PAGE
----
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appear Athens bear beauty Bottom called changed character Coll comes common dance death Demetrius desire doth Dream Duke early eds edition Enter Exit eyes fair fairy fall fancy fear flowers folios gentle give grace Halliwell hand hast hath head hear heart Helena Hermia Hippolyta hold imagination kind lady leave light lion London look lord lovers Lysander Macb master means measure meet Milton mind moon mortals nature never night notes Oberon once passage perhaps play poet present probably Puck Pyramus quarto queen Quince quotes reading reference remarks Rich says SCENE Schmidt seems sense Shakespeare sleep sometimes Sonn speak spirit sport Steevens suggested sweet Temp thee Theseus things Thisbe thou thought Titania tongue true turn wall whole woman wood written
Page 170 - Full many a glorious morning have I seen Flatter the mountain-tops with sovereign eye, Kissing with golden face the meadows green, Gilding pale streams with heavenly alchemy; Anon permit the basest clouds to ride With ugly rack on his celestial face And from the forlorn world his visage hide, Stealing unseen to west with this disgrace. Even so my sun one early morn did shine With all-triumphant splendour on my brow; But out, alack!
Page 112 - Now it is the time of night That the graves, all gaping wide, Every one lets forth his sprite, In the church-way paths to glide: And we fairies, that do run By the triple Hecate's team, From the presence of the sun, Following darkness like a dream, Now are frolic; not a mouse Shall disturb this hallow'd house: I am sent with broom before, To sweep the dust behind the door.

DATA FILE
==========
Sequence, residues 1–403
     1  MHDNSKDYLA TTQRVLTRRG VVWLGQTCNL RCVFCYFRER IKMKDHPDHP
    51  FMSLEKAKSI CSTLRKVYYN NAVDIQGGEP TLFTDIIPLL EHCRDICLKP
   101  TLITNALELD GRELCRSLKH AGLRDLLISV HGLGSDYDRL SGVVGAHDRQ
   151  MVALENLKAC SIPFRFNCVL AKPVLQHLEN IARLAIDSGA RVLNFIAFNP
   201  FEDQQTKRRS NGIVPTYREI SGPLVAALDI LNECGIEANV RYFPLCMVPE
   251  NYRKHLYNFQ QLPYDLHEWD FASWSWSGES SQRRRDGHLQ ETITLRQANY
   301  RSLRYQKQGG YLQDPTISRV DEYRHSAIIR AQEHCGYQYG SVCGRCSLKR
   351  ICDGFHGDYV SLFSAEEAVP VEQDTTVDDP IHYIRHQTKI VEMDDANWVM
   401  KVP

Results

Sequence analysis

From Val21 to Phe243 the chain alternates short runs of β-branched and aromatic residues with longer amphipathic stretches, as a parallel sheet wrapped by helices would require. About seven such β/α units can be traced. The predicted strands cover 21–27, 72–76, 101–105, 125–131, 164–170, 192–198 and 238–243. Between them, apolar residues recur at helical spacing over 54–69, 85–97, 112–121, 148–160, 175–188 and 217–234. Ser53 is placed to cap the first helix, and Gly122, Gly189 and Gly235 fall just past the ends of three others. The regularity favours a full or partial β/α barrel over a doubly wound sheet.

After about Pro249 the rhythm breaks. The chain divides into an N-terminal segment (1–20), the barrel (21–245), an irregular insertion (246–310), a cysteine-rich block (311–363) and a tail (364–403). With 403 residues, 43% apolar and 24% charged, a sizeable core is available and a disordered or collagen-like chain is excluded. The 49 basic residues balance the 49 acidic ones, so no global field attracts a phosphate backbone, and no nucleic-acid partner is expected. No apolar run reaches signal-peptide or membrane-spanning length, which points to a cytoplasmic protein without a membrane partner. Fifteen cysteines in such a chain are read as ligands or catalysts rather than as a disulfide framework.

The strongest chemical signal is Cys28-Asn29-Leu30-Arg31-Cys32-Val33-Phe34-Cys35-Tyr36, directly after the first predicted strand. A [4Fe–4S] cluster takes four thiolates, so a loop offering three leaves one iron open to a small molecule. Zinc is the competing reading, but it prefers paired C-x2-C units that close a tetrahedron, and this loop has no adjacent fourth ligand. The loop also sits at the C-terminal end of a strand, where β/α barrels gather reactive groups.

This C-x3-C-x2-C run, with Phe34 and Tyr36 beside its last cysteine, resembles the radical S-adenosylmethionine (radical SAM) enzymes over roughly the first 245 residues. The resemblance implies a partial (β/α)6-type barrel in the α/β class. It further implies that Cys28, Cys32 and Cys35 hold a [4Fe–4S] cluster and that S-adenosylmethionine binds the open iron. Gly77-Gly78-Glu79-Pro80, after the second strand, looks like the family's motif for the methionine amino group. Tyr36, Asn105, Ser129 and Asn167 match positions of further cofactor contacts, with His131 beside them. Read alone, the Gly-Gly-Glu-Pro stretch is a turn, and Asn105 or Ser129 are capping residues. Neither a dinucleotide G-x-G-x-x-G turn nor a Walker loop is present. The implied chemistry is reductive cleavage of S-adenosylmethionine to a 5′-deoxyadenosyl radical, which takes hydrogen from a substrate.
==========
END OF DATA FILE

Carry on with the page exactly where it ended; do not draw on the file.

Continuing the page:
Page 58 - Therefore the winds, piping to us in vain, As in revenge, have suck'd up from the sea Contagious fogs ; which falling in the land Have every pelting river made so proud That they have overborne their continents : The ox hath therefore stretch'd his yoke in vain, The ploughman lost his sweat, and the green corn Hath rotted ere his youth attain'da beard ; The fold stands empty in the drowned field, And crows are fatted with the murrain flock ; The nine men's morris is fill'd up with mud, And the quaint...
Page 60 - Yet mark'd I where the bolt of Cupid fell: It fell upon a little western flower, Before milk-white, now purple with love's wound, And maidens call it love-in-idleness.
Page 137 - Or fill the fixed mind with all your toys! Dwell in some idle brain, And fancies fond with gaudy shapes possess, As thick and numberless As the gay motes that people the sun-beams, Or likest hovering dreams, The fickle pensioners of Morpheus
Page 19 - If we shadows have offended. Think but this, and all is mended, That you have but slumber'd here While these visions did appear. And this weak and idle theme, No more yielding but a dream, Gentles, do not reprehend...
Page 162 - For mine own good, All causes shall give way : I am in blood Stepp'd in so far that, should I wade no more, Returning were as tedious as go o'er : Strange things I have in head, that will to hand ; Which must be acted ere they may be scann'd.
Page 58 - Therefore the moon, the governess of floods, Pale in her anger, washes all the air, That rheumatic diseases do abound : And thorough this distemperature we see The seasons alter : hoary-headed frosts in the fresh lap of the crimson rose, And on old Hiems...